As we dined, a woman held her bridal shower in the corner while groups of family and friends caught up over coffee and eggs. A mom fed her son yogurt and longtime girlfriends leaned forward as they told secrets. Nico feels a bit like home. This is partially because Gio’s wife helped design the interior, which feels like you’ve entered a cozy set for a food piece in House Beautiful or Better Homes & Gardens. The lighting is spectacular with floor to ceiling windows leading out to the street side patio. Browns and blues softly contrast with the black and white checkered floor. Tall mirrors lean down upon diners, making the dining area seem even larger than it already is.

Brunch at Nico is phenomenal. You’ll find a wide selection of both breakfast and lunch options from the Brown Butter French Toast to the Crispy Kale with wood fired beets and figs. You won’t find the traditional “two eggs your way” breakfast here, though it is available upon request.

Our top choice is the Pork Ragu. The creamy polenta with mascarpone cheese lets the ragu’s robust flavor take center stage while adding a creamy, sultry undertone to the dish. Crusty bread is the perfect vessel to devour the egg-ragu-polenta combo. The salsa verde wasn’t overpowering as it sometimes can be. Paired with their fresh brewed coffee, this is the brunch of champions.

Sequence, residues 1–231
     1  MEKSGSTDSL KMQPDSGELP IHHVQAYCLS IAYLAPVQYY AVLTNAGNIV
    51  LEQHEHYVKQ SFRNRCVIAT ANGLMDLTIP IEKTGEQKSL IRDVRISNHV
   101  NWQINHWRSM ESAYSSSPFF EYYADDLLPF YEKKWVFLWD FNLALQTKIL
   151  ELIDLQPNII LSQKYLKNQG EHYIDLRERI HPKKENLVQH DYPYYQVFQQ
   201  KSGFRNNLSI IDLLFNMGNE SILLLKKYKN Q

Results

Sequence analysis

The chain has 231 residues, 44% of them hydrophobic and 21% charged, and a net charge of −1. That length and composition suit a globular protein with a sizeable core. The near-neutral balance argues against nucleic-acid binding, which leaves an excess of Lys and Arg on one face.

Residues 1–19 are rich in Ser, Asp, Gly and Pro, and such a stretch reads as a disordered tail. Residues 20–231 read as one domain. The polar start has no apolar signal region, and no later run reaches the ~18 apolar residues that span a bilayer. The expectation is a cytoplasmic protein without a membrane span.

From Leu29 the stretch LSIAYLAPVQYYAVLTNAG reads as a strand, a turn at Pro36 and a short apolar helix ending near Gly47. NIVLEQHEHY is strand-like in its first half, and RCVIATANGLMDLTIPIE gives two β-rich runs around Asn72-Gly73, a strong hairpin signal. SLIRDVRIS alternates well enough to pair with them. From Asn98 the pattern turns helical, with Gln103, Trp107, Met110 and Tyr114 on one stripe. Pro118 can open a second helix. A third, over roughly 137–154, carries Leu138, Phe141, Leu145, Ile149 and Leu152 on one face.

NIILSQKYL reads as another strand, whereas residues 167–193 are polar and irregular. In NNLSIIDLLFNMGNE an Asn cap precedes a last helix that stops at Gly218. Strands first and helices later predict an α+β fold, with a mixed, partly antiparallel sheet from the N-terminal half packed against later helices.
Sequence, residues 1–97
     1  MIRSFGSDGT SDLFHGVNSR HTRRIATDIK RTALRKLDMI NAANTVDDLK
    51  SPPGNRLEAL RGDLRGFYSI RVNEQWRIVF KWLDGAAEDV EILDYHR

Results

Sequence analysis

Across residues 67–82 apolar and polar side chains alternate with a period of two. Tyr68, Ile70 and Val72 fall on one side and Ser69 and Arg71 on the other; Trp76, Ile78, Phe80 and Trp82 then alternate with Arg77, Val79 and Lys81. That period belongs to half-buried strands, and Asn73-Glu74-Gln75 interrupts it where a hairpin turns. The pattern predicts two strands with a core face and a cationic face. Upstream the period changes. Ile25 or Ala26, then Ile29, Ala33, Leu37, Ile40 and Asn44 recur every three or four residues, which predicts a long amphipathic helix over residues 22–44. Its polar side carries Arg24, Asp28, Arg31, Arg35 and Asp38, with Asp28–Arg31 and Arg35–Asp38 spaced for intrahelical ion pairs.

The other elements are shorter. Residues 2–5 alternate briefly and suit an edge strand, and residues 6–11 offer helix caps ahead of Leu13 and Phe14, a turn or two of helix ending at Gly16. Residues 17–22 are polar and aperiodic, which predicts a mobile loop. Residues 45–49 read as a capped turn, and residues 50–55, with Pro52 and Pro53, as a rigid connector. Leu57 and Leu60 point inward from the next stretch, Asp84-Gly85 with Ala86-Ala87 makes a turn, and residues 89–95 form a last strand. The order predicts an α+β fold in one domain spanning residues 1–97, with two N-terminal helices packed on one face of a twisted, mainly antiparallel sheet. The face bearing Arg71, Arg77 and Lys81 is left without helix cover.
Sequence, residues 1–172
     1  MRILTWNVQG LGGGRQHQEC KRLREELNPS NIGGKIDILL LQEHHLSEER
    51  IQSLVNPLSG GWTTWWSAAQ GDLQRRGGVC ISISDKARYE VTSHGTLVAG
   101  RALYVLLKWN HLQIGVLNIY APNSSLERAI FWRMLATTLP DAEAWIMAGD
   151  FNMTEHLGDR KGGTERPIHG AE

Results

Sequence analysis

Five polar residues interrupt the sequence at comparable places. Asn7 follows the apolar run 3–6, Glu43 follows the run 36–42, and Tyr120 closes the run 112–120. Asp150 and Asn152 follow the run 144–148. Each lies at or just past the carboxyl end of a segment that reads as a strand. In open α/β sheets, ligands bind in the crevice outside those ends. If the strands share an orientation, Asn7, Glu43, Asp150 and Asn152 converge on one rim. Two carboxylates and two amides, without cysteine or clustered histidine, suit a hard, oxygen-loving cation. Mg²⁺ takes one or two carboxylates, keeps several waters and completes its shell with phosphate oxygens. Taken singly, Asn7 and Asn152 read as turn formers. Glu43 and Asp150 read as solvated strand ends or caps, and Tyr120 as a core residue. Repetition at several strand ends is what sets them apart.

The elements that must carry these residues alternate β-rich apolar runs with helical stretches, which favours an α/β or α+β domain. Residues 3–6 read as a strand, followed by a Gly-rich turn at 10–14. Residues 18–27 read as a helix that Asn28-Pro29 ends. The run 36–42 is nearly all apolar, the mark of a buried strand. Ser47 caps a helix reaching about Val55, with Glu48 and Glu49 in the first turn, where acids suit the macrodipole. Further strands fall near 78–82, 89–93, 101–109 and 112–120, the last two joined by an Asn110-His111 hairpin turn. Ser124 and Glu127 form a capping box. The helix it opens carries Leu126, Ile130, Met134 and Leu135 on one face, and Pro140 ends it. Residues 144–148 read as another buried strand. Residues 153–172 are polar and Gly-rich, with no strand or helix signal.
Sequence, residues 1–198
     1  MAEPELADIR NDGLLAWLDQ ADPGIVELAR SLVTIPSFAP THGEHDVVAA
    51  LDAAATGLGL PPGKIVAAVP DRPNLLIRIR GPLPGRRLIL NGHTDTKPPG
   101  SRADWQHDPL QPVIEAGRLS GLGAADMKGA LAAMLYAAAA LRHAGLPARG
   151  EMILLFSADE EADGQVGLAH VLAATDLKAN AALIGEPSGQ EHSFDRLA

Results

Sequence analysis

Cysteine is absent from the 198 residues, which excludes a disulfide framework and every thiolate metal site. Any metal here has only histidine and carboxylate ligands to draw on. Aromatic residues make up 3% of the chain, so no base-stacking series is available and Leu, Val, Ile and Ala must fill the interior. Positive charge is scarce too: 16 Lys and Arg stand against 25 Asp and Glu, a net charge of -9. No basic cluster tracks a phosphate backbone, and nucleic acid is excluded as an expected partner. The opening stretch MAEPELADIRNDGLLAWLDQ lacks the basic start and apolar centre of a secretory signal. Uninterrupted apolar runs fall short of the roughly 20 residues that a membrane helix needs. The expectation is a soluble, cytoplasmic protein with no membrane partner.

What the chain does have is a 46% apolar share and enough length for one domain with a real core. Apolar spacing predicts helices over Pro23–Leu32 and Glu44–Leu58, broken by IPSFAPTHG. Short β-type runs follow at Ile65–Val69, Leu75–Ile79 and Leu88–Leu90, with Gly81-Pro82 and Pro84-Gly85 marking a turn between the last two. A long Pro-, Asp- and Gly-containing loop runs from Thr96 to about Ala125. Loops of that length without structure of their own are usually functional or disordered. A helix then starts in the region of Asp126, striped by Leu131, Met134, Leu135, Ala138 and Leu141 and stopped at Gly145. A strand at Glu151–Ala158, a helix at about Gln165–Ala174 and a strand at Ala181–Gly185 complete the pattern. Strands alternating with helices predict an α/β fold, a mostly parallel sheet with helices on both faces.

The Diavola Focaccia with calabrese, mozzarella and added pork rinds.

The Diavola Focaccia with calabrese, mozzarella and added pork rinds.

Chef Cullen Campbell treads the line of Italian again with his newer concept, Okra Cookhouse & Cocktails. It’s a little more relaxed in atmosphere than Crudo with every employee wearing jeans, an apron and the occasional tattoo. The open line towards the back feeds the bustling atmosphere of the somewhat small, singular room. If you’re looking for a quiet meal for two, this isn’t the place! While Okra is still suited for a meal for two, it’s more likely to be filled with laughter and good conversation than starry eyes and cordial vernacular.

Beyond the food, Okra is also known for their high caliber bartending staff. Mixologists like Michael Christie scan the floor for regulars or friends, pinging everyone they know while still pushing out dozens of cocktails from their memory – and in record time. Even if you don’t know anyone, you’re treated as if you’ve been coming around for years. What’s even better? They’re so enthusiastic about serving you the best drink possible, just tell them what you’re eating, how you feel or what you’d like to avoid and they’ll make you a custom concoction that’s sure to meet your needs. And they do it all with a smile!

Dispersed throughout the craft paper menu you’ll find a fusion of Southern and Italian cuisine broken down simply. Snacks, Shares, Sides, Bigs, Focaccias and Desserts. And by Focaccia, we mean heavenly personal pizzas. They’re a great addition to your tapas-style group order or enough to satisfy the hunger of a lone pizza-lover. We chose the Diavola Focaccia with pork rinds. Add a little bit of their special edition Homeboy’s Hot Sauce for a flavor party that’s good to ’til the last bite.